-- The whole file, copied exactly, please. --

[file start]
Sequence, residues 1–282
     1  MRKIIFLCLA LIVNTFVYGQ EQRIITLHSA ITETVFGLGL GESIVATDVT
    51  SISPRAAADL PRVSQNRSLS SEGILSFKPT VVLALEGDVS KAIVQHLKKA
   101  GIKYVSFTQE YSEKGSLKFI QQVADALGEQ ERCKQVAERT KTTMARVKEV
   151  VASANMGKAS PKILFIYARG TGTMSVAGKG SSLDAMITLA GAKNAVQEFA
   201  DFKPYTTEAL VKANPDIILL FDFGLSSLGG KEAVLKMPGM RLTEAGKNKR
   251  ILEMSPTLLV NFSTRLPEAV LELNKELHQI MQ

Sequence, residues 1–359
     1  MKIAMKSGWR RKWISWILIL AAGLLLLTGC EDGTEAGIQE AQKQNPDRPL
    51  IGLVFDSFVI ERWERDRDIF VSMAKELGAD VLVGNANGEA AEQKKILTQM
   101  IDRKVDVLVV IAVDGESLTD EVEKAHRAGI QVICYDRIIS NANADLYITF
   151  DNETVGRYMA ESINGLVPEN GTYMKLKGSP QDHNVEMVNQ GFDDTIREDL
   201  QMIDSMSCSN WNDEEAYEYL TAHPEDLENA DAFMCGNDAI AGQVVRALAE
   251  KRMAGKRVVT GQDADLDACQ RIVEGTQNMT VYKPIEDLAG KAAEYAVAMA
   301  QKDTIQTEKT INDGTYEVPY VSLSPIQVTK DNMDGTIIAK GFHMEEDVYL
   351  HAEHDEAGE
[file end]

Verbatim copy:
Sequence, residues 1–282
     1  MRKIIFLCLA LIVNTFVYGQ EQRIITLHSA ITETVFGLGL GESIVATDVT
    51  SISPRAAADL PRVSQNRSLS SEGILSFKPT VVLALEGDVS KAIVQHLKKA
   101  GIKYVSFTQE YSEKGSLKFI QQVADALGEQ ERCKQVAERT KTTMARVKEV
   151  VASANMGKAS PKILFIYARG TGTMSVAGKG SSLDAMITLA GAKNAVQEFA
   201  DFKPYTTEAL VKANPDIILL FDFGLSSLGG KEAVLKMPGM RLTEAGKNKR
   251  ILEMSPTLLV NFSTRLPEAV LELNKELHQI MQ

Sequence, residues 1–359
     1  MKIAMKSGWR RKWISWILIL AAGLLLLTGC EDGTEAGIQE AQKQNPDRPL
    51  IGLVFDSFVI ERWERDRDIF VSMAKELGAD VLVGNANGEA AEQKKILTQM
   101  IDRKVDVLVV IAVDGESLTD EVEKAHRAGI QVICYDRIIS NANADLYITF
   151  DNETVGRYMA ESINGLVPEN GTYMKLKGSP QDHNVEMVNQ GFDDTIREDL
   201  QMIDSMSCSN WNDEEAYEYL TAHPEDLENA DAFMCGNDAI AGQVVRALAE
   251  KRMAGKRVVT GQDADLDACQ RIVEGTQNMT VYKPIEDLAG KAAEYAVAMA
   301  QKDTIQTEKT INDGTYEVPY VSLSPIQVTK DNMDGTIIAK GFHMEEDVYL
   351  HAEHDEAGE